The winery also broke new ground with its line of Sherry and Port, opening new markets for Mazza and other Pennsylvania wineries interested in producing fortified after-dinner wines.
Mazza’s wife and children regularly contribute new ideas to the family business. While still in high school, Mario and Vanessa developed a private-label program, which provides customers with a unique way to commemorate special occasions. Mario has now rejoined his father as the company’s enologist after training abroad at the University of Adelaide in Australia, while Vanessa contributes as a creative consultant.
For nearly 30 years, Robert Mazza has been a leader in the Pennsylvania grape and wine industry, working to make Pennsylvania wines competitive with those in California. In 1996, Governor Tom Ridge appointed him to the Pennsylvania Farm Show Commission, where he served as an advocate for winegrowers. Thanks to Mazza’s involvement, wines were sampled and sold at the 2000 Pennsylvania Farm Show, the first time in its 84-year history. He is a charter member of the Pennsylvania Winery Association and the Lake Erie Quality Wine Alliance.
In the early years, when unfavorable regulatory conditions and a slowing economy threatened to close down many wineries, Mazza pressed on. He credits his wife, Kathie, for her encouragement and support. “We were not willing to give up,” said Robert. “We both wanted to succeed.”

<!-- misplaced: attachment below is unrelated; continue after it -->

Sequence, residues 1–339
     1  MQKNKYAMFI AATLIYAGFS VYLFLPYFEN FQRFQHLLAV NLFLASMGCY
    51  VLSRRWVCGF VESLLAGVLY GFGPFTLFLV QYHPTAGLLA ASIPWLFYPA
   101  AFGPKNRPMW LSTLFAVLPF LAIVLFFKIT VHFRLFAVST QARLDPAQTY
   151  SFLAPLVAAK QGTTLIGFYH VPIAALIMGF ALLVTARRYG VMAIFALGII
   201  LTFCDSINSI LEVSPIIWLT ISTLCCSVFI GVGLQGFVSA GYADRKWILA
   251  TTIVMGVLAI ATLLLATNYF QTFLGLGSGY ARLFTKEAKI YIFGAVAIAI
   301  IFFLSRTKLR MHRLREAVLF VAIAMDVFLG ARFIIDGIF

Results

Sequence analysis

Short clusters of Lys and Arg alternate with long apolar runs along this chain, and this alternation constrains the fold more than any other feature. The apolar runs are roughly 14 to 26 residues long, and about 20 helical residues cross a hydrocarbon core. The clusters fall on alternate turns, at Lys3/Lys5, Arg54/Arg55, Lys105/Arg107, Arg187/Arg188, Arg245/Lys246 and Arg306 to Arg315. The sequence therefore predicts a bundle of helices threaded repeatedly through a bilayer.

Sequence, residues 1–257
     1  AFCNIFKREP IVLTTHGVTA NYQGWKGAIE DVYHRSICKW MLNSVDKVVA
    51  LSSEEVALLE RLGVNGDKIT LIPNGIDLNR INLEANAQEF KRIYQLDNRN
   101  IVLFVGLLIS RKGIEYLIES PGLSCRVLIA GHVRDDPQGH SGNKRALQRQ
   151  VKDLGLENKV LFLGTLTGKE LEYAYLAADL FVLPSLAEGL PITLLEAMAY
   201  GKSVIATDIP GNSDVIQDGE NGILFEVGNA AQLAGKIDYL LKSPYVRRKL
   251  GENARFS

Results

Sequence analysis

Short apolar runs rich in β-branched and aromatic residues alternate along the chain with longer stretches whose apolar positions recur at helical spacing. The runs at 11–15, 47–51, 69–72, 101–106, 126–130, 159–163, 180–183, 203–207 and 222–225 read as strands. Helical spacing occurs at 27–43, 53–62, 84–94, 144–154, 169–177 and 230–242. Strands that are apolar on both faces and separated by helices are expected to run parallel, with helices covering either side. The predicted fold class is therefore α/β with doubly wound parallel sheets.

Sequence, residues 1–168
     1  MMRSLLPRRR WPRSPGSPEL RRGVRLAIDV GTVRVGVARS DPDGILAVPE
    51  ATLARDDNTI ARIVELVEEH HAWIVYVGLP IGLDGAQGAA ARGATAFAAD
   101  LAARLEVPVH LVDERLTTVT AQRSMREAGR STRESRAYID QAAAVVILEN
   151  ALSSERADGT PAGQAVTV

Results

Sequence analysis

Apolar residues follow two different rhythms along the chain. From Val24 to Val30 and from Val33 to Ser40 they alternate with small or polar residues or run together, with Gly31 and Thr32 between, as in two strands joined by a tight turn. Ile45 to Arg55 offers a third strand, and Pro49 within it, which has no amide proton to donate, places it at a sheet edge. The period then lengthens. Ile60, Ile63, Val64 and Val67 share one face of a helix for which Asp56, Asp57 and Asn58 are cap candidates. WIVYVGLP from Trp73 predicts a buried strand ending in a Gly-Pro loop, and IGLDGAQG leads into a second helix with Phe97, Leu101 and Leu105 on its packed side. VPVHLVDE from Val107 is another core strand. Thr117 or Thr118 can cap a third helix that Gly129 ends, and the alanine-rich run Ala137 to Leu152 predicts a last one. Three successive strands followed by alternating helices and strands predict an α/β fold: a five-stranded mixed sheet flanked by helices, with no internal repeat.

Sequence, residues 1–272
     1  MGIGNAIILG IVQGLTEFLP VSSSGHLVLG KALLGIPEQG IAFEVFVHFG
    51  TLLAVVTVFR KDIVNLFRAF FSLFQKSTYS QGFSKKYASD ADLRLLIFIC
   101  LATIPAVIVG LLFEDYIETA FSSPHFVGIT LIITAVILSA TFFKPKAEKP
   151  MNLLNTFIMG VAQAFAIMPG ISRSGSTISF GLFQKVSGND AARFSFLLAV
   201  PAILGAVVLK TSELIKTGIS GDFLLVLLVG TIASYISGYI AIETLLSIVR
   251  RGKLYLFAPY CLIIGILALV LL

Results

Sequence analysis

And succeed they have. Mazza wines have greeted the lips of presidents, toasted governors and christened ships, including a limited edition Vidal Blanc reserved for the U.S. Brig Niagara. In addition, Mazza’s Niagara is the top selling Pennsylvania wine in the entire Pennsylvania state store system. Mazza Vineyards continues to earn international recognition for its wines and is one of the largest producers of Pennsylvania-grown wine in the Commonwealth.
Mazza Vineyards, Mazza Chautauqua Cellars and the South Shore Wine Company are all part of Lake Erie Wine Country, formerly the Chautauqua - Lake Erie Wine Trail, which hosts a variety of special events throughout the year.
Mazza Ice Wine Harvest
Our Grape Growing Region
Harvesting for Mazza Vineyards
Additions to the Mazza Family of Wines
In 2005 the Mazza family expanded into New York with the establishment of a sister operation, Mazza Chautauqua Cellars. With a seperate and distinct range of wines as well as a distillery and cafe, Mazza Chautauqua Cellars offers a perfect compliment to Mazza Vineyards. The inability to establish a distillery led to the idea of establishing another facility in neighboring New York state. When the opportunity came to establish it within walking distance of the Chautauqua Institution’s main gate, the decision was an easy one.
The most recent expansion for the Mazza’s was the re-establishment of the South Shore Wine Company. Established as the first commerical winery in Erie County in 1864, the unique stone cellar offers an experience like no other in the area. In 2007 the 1200 square foot stone cavern and adjoining 1200 square foot stone cellar were restored and reopened bearing the original South Shore Wine Company name in addition to a new and unique line of wines.